At Flint Springs, he says his strengths include his political savvy and his "roots," which he describes as "five or six" generations of Gardenhires in Bradley and Hamilton counties.
"One lady I met grew up next door to my grandmother," he says.
A former member of several federal boards, committees and councils, Gardenhire directs a voter to the third page of his brochure.
There, a younger, brown-haired Gardenhire poses with a Republican duo for the ages -- Ronald and Nancy Reagan, then president and first lady.
"You know, I've got a framed letter from Reagan from when I was in the Navy," one Flint Springs man tells Gardenhire.
Another woman smiles and remembers the 1980s: "I voted for him a couple times."
As this occurs, Vital observes it, appears unmoved and says, "I'm not running on the past."
But Vital recently circulated a mailer with a photograph featuring him and President George H.W. Bush.
"I'm not running on my association with those individuals," Vital said in a follow-up interview, "but I'm saying I've been involved just as long, working just as hard, in Republican politics. I'm running on the future."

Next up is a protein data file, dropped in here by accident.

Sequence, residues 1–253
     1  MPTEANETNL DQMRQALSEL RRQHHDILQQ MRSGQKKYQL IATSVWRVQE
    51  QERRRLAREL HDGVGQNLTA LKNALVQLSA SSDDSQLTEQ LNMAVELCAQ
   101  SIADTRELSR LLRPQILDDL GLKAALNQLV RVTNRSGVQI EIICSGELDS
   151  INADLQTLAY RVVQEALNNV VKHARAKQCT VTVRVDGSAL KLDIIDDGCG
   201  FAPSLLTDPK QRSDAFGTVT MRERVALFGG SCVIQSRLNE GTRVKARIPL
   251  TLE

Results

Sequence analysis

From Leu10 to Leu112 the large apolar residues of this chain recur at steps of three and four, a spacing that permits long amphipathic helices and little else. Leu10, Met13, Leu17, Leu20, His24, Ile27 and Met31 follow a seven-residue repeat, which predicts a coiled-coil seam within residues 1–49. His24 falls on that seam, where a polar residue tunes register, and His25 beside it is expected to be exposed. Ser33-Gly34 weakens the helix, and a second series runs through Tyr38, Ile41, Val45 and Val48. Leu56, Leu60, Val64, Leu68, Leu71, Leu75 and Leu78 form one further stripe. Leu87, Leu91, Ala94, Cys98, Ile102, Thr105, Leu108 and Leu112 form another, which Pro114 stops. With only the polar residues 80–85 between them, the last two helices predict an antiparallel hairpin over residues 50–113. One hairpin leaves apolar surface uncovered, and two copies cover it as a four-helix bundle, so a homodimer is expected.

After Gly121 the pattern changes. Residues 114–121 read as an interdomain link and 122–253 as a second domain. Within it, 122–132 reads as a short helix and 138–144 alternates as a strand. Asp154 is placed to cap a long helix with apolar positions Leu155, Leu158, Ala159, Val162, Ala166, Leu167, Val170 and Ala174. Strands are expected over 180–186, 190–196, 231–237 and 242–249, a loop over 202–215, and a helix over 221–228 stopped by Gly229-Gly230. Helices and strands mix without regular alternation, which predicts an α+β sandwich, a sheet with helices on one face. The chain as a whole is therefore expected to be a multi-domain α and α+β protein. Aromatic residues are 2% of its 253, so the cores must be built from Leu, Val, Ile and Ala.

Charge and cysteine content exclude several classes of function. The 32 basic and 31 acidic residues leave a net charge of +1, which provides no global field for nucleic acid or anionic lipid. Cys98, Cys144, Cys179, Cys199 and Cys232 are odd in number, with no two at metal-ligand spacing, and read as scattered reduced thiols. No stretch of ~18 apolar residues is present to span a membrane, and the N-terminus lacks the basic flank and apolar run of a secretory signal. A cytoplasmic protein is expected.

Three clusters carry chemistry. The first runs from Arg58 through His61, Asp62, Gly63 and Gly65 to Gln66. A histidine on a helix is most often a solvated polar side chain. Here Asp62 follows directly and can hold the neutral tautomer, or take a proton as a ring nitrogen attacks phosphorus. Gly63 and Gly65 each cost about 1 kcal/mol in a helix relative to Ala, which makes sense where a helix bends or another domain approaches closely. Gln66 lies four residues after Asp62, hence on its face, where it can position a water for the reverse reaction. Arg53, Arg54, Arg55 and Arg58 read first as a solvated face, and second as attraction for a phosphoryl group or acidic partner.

Vital, 56, added that he takes environmental concerns more seriously than most Republicans, believing that public lands and "a clean water supply" are essential to education and jobs. He called the Trail of Tears "America's first civil rights story" and promised to come up with ways to use parks like Red Clay State Park to show young students "how we treated Native Americans."
The contrast can be found in the parking lot: Vital has a National Parks Conservation Association sticker on his BMW sport-utility vehicle, while Gardenhire's got a National Rifle Association sticker on the back of his Toyota Tundra.
But these guys spar over vehicles, not bumper stickers.
During a break in the Flint Springs action, Vital touted his 16 years as president and CEO of Morning Pointe, a chain of assisted-living centers based in Ooltewah. He said he created 800 jobs after starting the company in 1996.
Then he whipped out the scarlet letter of the "1 percent" era: "He's a Wall Street businessman," Vital remarked of Gardenhire, who manages funds for foundations, pensions and endowments.
"I created jobs while he was moving money around for Wall Street," Vital added.
Gardenhire scoffed and said Vital briefly worked for the brokerage firm Dean Witter, which merged with Morgan Stanley in 1997.
True, Vital said, for "two years, 25 years ago."
Gardenhire hit back again, pointing out Vital's "high-class BMW" at the Flint Springs luncheon.
Vital said it's a 2005 model with 150,000 miles on it, adding that he has a Toyota Tundra himself.
"And a Ford farm truck," he said.
After loaning himself $75,000, Vital had out-raised Gardenhire 12-to-1 by the end of March. Gardenhire counted $5,270 on hand while Vital reported $63,869 in the bank, records show.
"Who are people going to relate to?" Gardenhire wondered aloud. "Me, who's driven a  Toyota Tundra I've had for a while, or somebody that drives a BMW?"
"That seems a little desperate," Vital fired back.